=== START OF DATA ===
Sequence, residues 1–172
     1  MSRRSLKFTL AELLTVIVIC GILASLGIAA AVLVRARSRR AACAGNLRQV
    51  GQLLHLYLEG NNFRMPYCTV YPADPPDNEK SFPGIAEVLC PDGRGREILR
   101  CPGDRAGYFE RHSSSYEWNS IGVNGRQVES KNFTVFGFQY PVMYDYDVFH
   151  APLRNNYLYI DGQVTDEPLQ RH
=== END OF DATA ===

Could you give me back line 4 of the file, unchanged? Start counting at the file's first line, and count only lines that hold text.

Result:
   101  CPGDRAGYFE RHSSSYEWNS IGVNGRQVES KNFTVFGFQY PVMYDYDVFH